The Main Stage, a new construction for this year, saw J.P Cooper, VANT, Honne and many more take to the stage. We had a chat with Honne (in the farm’s spooky haunted house!) right before their set, and were blown away by tracks from their album which is released later this month. Eliza and the Bear, who we’ve been playing on air since 2013, brought the stage to life in a set that also included an impromptu water fight with a fan who’s (vodka) loaded with a water gun every year! One of the unanimous stand out performances of the entire festival belonged to Farm Band. Composed of Hudson Taylor, Gabrielle Aplin, Hannah Grace, Joe Keogh (Amber Run) for one festival only, they took to the stage sharing songs from their individual collections, as well as some beautifully harmonious covers including Bob Dylan’s Dancing in the Dark. Not only were the vocals powerful and on point, but they seemed to be having so much fun. And so were we! In fact, the line-up’s surprise act on the Sunday turned out to be BOTF legends Hudson Taylor – with a twist. Sadly, Harry Hudson-Taylor had broken his leg not long before, so he watched the gig from hospital on FaceTime (modern day technology eh!?) and luckily Hudson Taylor friends such as Hannah Grace and Gabrielle Aplin were on hand to fill in. It was basically Farm Band 2.0 so there was zero disappointment; hopefully Harry has a speedy recovery!
Other Main Stage performers included Frances, who URB met in Bristol earlier this summer, playing one of her first shows with a band. With crisp, clear vocals and Frances on the piano, it was simple but beautiful; every song oozes a pure elegance, and part of Don’t Worry About Me was sung in perfect acapella. Then came the headliners. Saturday night was brought to a close by Oh Wonder, who have had a brilliant year and were genuinely so ecstatic to be headlining one of their first British festivals. Their laidback electro sound and catchy hits like Lose It, Drive, and All We Do went down a storm with the crowd. It was a perfect end to the day, setting up the Sunday, which was headlined by Jack Garratt.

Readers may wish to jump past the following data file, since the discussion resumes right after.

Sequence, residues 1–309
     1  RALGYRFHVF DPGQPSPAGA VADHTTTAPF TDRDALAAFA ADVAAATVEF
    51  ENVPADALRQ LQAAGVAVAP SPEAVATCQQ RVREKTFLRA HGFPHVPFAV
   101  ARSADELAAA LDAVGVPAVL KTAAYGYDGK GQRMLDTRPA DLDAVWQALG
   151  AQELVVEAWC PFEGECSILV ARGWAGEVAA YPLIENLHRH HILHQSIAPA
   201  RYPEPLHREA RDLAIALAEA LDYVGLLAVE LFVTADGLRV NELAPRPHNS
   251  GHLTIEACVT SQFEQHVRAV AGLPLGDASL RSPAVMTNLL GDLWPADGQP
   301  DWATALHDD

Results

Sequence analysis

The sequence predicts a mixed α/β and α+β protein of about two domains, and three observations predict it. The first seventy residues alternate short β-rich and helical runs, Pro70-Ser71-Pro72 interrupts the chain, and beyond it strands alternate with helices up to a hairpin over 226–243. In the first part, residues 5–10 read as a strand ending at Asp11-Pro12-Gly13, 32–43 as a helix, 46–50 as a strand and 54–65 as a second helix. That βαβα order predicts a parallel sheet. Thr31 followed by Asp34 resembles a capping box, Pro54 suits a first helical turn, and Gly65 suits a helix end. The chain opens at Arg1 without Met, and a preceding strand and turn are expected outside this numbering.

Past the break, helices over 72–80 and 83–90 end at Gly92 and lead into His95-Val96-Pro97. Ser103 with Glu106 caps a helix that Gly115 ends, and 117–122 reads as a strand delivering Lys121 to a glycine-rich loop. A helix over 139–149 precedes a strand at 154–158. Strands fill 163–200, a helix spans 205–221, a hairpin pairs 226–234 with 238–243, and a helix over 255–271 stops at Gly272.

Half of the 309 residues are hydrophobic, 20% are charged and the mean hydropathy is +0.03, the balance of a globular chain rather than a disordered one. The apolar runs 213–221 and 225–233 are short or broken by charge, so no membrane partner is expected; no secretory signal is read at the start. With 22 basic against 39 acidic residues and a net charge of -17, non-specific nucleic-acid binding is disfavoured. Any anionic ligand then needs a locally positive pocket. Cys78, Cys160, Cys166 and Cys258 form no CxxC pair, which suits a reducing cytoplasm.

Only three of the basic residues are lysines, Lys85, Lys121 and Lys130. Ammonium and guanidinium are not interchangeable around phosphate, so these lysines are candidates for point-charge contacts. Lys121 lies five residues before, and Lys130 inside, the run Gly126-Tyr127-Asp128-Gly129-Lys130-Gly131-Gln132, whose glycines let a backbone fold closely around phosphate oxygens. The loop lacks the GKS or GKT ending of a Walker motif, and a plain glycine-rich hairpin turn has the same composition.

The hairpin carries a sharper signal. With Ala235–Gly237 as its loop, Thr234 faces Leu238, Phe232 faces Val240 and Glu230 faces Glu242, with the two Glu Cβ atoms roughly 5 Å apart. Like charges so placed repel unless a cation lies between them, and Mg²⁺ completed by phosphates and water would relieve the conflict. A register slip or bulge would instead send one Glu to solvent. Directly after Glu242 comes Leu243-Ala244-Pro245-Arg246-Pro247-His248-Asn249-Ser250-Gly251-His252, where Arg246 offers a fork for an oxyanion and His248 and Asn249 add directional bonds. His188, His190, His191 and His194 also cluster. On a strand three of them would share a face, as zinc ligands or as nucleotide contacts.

Jack Garratt’s got quite the CV – the BBC Sound of 2016, Brit’s Critics Choice, and now this. It simply was a one man show epitomised, something that needs to be witnessed live. As a man who has played BOTF three times, this was his first time as the main bill. “Ask me who’s performing after. Go on,” he said with a grin, replying “No one cos I’m f-ing headlining it!” Surrounded by a slick instrumental set up, he played drums with so much passion he nearly fell over. And that’s just the drums; the guitar, the keys, the loop pedal – everything was handled with so much sheer skill and class. It was a musical masterclass, and it was clear why the audience was so looking forward to it. At one point, he asked for on-the-spot cover requests, to which there was a really loud “Spice Girls” response. To which he responded with an S Club song. Hilariously, he realised and corrected this towards the end of the set. It’s times like these where you realise what a special place live music in general has in our lives – you just can’t replicate this effect on an album.
As the final set – and festival – came to a close, “1 more song” became the crowd battle cry. So Jack played one extra song. Then immediately, the chant for “12 more songs” echoed in the Main Stage (sadly, this one didn’t quite happen). But it also echoed the universal sentiment of not wanting the festival to end. Ultimately, the weekend of BOTF is like a dream. It’s cosy, in the best way, it’s friendly, and each musician ticks every box. You’re bound to discover new talented additions to your playlist, and have a LOT of fun on the farm along the way.